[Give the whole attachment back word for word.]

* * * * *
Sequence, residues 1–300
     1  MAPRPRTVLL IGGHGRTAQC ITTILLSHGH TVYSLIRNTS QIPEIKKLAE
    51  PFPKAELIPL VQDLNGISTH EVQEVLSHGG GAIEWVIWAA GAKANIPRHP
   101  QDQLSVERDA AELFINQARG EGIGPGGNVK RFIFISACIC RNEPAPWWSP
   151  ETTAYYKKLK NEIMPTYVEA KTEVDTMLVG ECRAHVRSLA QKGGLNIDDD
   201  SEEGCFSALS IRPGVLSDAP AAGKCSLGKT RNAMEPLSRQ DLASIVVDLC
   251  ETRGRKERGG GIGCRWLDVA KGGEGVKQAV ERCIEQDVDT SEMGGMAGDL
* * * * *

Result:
Sequence, residues 1–300
     1  MAPRPRTVLL IGGHGRTAQC ITTILLSHGH TVYSLIRNTS QIPEIKKLAE
    51  PFPKAELIPL VQDLNGISTH EVQEVLSHGG GAIEWVIWAA GAKANIPRHP
   101  QDQLSVERDA AELFINQARG EGIGPGGNVK RFIFISACIC RNEPAPWWSP
   151  ETTAYYKKLK NEIMPTYVEA KTEVDTMLVG ECRAHVRSLA QKGGLNIDDD
   201  SEEGCFSALS IRPGVLSDAP AAGKCSLGKT RNAMEPLSRQ DLASIVVDLC
   251  ETRGRKERGG GIGCRWLDVA KGGEGVKQAV ERCIEQDVDT SEMGGMAGDL